Thomas Hardy is a detached observer of life and a typical product of the Victorian spirit – ‘Fin-de-siècle’. As a poet Hardy’s vision of life is that of a pessimist. Unlike Robert Browning, he finds no hope, no consolation in the life-long tunnel of darkness. His none-too-happy views of life are actually ‘exploration of reality’, for he always strove to grapple with problems of human character and conduct. His “Darkling Thrush” shows the contrast between the desolation of the wintry scene and the joyous song of the aged thrush, between affirmation in the world of Nature and the negation in the poet’s heart. According to A. E. Housman, there is always a “satisfying flatness” in Thomas Hardy’s poem.
Pessimism arises from a clash of human instincts and ambition against the environment. And since his own life has been a story of odds and upsets of financial constraints and unrequited loves he usually turned to be pessimist. The harsh realities of Industrial Revolution left a tremendous impact in the mind of the poet. The life that Hardy saw around him was full of suffering and destruction- for example the life of the Wessex labour with its grim poverty. He often wrote about the human predicament in the universe rather than about the betterment or happiness. His conception of life was essentially tragic. Life was no boon to him, no happiness at all. He therefore announced
“Happiness was but an occasional episode in the general drama of pain.” (The Mayor of Casterbridge)
The Darkling Thrush begins with a typical Hardyan narrative opening. Winter is drawing to its close and the scene around him is cheerless. People living nearby had retired indoors. There was frost which was pale as ghost. The inclement weather of the winter still prevailed and the sun has already set on the western horizon. The stems of the bine trees have already reached the sky. Each and every member of the society was in earnest quest of their domestic entertainments. The poet is leant upon the gate. The sharp features of the landscape appeared to be the corpse or dead body of the nineteenth century. The century was almost dying. The process of birth and growth seemed to have stopped in the rigorous winter. The sky was cloudy, a storm was blowing. Every living being felt gloom and depression. But suddenly a song issued from the dark and decayed branches of the tree. It was spontaneous and it comes from the inner most core of the heart. It was excessively joyous and delightful. An old thrush that was lean, frail and weak was singing to his heart’s content in the midst of enveloping darkness. His plume was perturbed by the gust of wind. The poet finds the ray of hope in the bird’s song. He hopes for the coming golden future.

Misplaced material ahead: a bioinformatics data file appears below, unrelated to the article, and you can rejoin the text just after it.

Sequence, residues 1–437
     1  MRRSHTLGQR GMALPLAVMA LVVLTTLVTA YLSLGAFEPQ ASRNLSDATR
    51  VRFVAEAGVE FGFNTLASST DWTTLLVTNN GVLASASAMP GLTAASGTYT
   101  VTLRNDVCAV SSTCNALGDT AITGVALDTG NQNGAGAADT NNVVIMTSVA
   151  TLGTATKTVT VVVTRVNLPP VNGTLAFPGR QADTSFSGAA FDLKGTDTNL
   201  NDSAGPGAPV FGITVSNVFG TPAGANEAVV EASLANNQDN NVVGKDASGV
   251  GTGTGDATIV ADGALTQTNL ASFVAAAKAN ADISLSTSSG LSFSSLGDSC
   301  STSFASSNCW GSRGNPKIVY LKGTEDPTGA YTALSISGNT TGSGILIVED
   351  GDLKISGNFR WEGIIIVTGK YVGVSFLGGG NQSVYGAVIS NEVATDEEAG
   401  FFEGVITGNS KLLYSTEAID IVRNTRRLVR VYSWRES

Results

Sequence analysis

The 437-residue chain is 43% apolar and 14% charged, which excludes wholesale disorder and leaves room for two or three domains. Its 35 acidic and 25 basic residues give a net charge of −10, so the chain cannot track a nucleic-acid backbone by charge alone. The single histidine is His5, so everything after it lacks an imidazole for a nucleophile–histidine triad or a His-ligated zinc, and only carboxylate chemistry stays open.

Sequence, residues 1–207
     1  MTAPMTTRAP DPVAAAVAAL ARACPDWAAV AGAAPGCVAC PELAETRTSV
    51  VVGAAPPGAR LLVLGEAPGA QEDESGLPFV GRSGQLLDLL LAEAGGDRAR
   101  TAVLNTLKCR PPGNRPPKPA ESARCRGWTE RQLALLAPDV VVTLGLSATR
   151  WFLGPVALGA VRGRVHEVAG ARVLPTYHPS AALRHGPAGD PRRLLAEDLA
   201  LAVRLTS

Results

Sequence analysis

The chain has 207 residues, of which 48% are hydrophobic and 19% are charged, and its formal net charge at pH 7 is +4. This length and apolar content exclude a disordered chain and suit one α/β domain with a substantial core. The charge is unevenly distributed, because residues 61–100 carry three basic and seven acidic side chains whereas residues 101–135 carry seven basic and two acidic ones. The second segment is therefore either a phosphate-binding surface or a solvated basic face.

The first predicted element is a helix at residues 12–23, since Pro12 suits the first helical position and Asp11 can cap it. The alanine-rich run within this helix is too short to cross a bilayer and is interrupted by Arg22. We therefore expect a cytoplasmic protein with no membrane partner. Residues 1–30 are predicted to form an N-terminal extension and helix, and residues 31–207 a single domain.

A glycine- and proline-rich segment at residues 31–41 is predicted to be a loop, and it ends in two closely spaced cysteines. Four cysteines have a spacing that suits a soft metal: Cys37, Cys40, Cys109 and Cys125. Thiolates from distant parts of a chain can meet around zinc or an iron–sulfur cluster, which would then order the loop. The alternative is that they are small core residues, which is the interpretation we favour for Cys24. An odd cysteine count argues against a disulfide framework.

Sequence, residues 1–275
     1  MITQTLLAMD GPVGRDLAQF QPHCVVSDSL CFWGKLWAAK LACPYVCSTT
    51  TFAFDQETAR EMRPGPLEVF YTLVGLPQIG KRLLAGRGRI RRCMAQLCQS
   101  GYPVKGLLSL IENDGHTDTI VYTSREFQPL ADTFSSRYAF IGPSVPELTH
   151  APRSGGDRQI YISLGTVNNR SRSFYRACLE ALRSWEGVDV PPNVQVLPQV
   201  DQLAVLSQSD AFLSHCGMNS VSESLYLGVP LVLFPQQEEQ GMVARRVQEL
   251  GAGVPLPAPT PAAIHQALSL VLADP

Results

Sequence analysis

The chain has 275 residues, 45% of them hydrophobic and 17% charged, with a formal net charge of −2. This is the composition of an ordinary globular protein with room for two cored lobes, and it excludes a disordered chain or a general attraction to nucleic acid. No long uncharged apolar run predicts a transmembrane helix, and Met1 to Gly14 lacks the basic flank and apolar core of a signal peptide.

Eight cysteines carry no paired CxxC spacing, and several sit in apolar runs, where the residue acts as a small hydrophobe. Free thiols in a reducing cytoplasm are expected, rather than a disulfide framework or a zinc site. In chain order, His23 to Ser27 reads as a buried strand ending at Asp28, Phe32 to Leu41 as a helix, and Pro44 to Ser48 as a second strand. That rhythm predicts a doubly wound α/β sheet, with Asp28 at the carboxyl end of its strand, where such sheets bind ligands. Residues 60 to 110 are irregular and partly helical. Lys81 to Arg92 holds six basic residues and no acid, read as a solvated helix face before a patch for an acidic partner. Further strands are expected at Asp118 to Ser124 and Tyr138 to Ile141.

Hardy’s thrush represents his pessimism in the midst of optimism or reversal. It seems that Hardy is stranded between optimism and pessimism, between hope and despair. The evening symbolizes left helpless, despair, frustration, metal darkness and disillusionment. But the song of the thrush symbolizes the spirit of hope, a hope for a world of beauty, a world which is devoid of ugliness, the hope of the beginning of a new era or century or Millennium. It represents the passing away of an old century and heralding of a bright and hopeful new century.
In The Darkling Thrush, Hardy the pessimist sings the glory of Hardy, the optimist. Although all was not right with his world, yet all was not wrong, all was not dead. Only for a moment, the pulse of the life seemed to stop but in the very next moment with all spontaneity life spring up with all its “joy illimited”. Beneath the wintry desolation there lies the eternal pulse of germ and birth. Behind the death of the old century there is the birth of new century, behind death and despair there is hope and life. From the very title of the poem it is clear that the thrush is sitting in the dark in the encircling gloom just like Hardy himself in “the long drip of human tears”. Yet out of this gloom bursts a song of hope, out of the goodnight air trembles forth an air of good morning –
“If winter comes can spring be far behind”.
Hardy’s The Darkling Thrush is the basis of Hardy’s self-designated “evolutionary meliorism”. The poem ends with a note of optimism:
“Some blessed hope where of he knew
And I was unaware”